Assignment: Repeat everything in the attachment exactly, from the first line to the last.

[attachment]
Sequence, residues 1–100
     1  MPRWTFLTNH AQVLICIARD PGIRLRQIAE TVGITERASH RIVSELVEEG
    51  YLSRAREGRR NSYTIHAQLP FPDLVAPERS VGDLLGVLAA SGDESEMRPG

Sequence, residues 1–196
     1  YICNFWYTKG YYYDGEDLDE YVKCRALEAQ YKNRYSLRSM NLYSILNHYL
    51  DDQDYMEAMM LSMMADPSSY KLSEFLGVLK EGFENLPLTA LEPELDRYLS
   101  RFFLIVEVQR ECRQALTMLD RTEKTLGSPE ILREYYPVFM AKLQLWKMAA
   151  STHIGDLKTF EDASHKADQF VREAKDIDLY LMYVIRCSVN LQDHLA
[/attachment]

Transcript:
Sequence, residues 1–100
     1  MPRWTFLTNH AQVLICIARD PGIRLRQIAE TVGITERASH RIVSELVEEG
    51  YLSRAREGRR NSYTIHAQLP FPDLVAPERS VGDLLGVLAA SGDESEMRPG

Sequence, residues 1–196
     1  YICNFWYTKG YYYDGEDLDE YVKCRALEAQ YKNRYSLRSM NLYSILNHYL
    51  DDQDYMEAMM LSMMADPSSY KLSEFLGVLK EGFENLPLTA LEPELDRYLS
   101  RFFLIVEVQR ECRQALTMLD RTEKTLGSPE ILREYYPVFM AKLQLWKMAA
   151  STHIGDLKTF EDASHKADQF VREAKDIDLY LMYVIRCSVN LQDHLA